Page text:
Governor Sam Brownback is busy touring elementary schools this week, allegedly to rally support for funding all-day kindergarten.
With some common sense, logic, and a look at recent history it becomes clear what Brownback is really up to.
Let’s start with common sense. Does Brownback really need to convince public school teachers of the need to fund public schools? Surely not - that defies common sense. (To be fair, there are copious campaign photo-ops in kindergarten classrooms. That’s common sense.)
How about logic? Statute is written by legislators, not kindergarten teachers. If Brownback really wants to fund all-day kindergarten, he should tour legislative offices – not elementary schools. And merely authorizing money to be spent isn't good enough. The state must also collect sufficient revenue to actually pay for any appropriations permitted by statute. Kindergarten teachers cannot levy taxes, so Brownback needs to take this up with the legislature as well. That is, if he honestly wants it.
Today’s statutory base state aid per-pupil (BSAPP) is $4,492, but this level of funding exists only on paper. The budget, signed by Sam Brownback, delivers a mere $3,838 per pupil – the lowest BSAPP in 15 years. Meanwhile, Brownback’s tax policy “experiment” is projected to cause a deficit of nearly $800 million by 2018.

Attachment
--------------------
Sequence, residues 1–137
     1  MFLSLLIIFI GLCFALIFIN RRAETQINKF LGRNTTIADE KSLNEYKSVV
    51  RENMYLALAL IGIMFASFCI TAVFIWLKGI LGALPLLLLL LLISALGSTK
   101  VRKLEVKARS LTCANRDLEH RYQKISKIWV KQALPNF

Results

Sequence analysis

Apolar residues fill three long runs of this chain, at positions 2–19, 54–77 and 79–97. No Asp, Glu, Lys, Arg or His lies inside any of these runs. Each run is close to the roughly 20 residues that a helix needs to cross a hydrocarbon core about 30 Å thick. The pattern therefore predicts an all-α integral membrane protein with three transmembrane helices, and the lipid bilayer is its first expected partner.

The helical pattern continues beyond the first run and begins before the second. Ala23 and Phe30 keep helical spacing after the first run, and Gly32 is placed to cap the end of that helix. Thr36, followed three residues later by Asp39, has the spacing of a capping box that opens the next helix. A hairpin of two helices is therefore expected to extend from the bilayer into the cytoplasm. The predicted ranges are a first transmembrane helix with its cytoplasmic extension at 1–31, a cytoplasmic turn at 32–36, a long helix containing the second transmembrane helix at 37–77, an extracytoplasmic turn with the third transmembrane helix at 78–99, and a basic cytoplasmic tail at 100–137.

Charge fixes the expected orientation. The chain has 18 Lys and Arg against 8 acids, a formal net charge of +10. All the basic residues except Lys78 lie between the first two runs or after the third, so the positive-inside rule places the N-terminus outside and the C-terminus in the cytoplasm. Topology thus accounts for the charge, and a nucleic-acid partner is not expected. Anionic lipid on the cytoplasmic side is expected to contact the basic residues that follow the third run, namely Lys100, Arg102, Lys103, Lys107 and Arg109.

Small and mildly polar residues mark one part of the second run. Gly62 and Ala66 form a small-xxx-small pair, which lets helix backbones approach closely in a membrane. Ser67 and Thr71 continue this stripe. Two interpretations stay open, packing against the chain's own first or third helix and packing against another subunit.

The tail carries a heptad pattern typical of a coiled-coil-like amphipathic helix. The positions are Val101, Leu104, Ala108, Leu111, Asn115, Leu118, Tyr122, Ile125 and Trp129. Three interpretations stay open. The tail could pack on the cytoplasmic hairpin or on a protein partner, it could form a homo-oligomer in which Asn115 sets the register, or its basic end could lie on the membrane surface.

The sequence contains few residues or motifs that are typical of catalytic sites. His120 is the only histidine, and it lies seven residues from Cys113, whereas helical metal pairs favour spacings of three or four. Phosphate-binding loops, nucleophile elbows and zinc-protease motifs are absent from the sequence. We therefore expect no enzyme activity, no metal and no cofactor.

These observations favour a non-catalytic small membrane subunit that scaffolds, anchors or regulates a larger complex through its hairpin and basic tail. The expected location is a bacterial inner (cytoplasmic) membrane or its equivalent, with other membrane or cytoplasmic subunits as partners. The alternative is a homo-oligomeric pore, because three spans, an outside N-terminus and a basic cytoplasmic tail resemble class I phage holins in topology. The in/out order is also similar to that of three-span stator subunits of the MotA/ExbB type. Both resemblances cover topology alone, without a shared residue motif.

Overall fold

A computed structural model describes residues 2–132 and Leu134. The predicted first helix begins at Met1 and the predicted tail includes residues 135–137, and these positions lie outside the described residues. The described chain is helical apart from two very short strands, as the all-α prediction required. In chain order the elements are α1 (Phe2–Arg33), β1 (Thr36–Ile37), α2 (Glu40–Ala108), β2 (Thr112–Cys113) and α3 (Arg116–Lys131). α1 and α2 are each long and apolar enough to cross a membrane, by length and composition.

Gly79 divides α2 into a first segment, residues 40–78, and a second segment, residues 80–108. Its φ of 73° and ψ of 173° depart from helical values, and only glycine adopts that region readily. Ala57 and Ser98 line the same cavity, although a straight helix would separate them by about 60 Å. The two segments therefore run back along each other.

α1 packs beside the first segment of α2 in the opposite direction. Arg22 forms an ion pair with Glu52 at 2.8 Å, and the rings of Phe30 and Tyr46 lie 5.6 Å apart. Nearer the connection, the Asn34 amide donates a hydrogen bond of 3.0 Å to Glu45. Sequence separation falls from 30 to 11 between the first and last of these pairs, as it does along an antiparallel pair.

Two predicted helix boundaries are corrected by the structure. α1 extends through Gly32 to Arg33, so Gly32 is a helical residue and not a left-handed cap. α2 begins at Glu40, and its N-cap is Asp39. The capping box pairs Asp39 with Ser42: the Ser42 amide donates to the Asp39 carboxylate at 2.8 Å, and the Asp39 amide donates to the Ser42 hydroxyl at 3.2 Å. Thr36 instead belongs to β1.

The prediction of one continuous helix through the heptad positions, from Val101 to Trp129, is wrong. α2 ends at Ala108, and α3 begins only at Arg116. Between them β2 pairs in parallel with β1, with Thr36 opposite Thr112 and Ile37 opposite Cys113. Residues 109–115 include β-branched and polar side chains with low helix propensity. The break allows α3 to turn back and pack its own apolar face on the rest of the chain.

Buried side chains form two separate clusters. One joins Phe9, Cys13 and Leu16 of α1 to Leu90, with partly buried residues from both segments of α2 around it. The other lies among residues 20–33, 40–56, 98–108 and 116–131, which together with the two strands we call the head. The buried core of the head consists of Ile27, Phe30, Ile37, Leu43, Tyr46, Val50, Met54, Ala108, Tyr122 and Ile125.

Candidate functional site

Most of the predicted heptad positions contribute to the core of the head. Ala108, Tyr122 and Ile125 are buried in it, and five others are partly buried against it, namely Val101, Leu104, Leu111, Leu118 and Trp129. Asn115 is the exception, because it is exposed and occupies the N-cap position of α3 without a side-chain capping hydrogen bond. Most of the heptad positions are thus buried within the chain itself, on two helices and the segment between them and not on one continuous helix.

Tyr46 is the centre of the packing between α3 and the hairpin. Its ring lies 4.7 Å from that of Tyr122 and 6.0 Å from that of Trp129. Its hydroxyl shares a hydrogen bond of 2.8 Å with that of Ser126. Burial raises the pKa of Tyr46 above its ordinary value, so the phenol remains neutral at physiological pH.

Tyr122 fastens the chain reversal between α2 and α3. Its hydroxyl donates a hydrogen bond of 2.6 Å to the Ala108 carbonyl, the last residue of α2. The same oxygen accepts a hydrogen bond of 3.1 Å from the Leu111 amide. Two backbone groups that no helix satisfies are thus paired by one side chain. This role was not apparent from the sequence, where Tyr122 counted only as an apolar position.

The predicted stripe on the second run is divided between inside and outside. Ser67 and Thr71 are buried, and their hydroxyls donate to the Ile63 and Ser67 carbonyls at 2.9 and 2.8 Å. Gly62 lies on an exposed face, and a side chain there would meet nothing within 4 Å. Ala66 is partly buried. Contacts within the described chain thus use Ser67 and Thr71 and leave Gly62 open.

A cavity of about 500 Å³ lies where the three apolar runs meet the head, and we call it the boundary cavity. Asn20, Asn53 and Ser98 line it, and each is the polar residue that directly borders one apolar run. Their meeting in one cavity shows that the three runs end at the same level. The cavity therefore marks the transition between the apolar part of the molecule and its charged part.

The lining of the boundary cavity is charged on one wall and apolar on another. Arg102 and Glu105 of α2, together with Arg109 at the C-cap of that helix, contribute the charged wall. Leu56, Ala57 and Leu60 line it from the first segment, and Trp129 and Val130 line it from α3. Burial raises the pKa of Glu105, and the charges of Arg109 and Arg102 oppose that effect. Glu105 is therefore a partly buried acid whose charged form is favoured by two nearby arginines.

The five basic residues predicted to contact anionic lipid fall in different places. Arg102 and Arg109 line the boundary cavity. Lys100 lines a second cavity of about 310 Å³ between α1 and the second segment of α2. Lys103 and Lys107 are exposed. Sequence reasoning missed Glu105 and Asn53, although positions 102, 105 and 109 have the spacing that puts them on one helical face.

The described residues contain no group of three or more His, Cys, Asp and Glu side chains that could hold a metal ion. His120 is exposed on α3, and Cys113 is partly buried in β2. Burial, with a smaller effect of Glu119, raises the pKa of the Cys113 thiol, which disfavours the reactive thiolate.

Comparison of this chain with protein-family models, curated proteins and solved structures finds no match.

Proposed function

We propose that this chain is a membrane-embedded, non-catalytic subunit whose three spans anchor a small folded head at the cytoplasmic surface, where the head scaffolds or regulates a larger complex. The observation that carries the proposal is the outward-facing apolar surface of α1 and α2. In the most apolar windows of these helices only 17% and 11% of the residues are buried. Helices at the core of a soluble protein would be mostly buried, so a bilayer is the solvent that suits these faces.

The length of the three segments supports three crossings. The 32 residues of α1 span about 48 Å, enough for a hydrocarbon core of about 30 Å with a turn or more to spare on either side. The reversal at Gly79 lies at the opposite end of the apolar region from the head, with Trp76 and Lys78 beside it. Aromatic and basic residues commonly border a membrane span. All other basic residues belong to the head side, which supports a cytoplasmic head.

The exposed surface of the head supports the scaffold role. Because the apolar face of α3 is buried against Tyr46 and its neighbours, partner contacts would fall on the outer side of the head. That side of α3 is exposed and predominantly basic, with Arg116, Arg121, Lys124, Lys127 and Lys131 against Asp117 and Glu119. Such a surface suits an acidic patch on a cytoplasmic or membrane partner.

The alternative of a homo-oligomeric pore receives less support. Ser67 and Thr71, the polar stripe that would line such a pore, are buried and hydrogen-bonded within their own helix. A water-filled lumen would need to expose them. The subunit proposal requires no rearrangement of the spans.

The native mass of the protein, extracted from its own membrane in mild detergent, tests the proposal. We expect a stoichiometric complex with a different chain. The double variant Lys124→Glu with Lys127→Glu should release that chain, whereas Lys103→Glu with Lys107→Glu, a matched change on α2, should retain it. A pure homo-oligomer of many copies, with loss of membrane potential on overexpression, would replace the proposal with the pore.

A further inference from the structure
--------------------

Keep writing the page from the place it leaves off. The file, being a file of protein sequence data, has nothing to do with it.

Logic dictates that if you honestly intend to pay for something, you don’t turn away the essential revenue. Brownback has done just that. He’s either really bad at arithmetic, or he has no intention of properly funding education. Recent history answers this dichotomy.
Last year, Sam Brownback toured Kansas’ public universities - allegedly to rally support for higher education funding. He then returned to Topeka and cut $34.3 million in funding from our state universities. Campaigning for governor in 2010, Brownback promised to protect K-12 education funding. Upon taking office, he signed the largest cut to public school funding in Kansas history. Now Brownback is campaigning again, and nothing more.
The latest polls show strong support for public education, and a strong majority of Kansans agree that public schools are underfunded. Kansans want the Supreme Court to intervene, forcing Brownback and the legislature to uphold the constitution. Poll results also show Brownback trailing Paul Davis, his presumed rival in the next election.
So Brownback hits the road to do what he does best: political posturing. He’ll tour public schools and talk up the need to fund them – like he’s done every year before. And like every year before, it will come as no surprise what happens to public education when the budget hits his desk.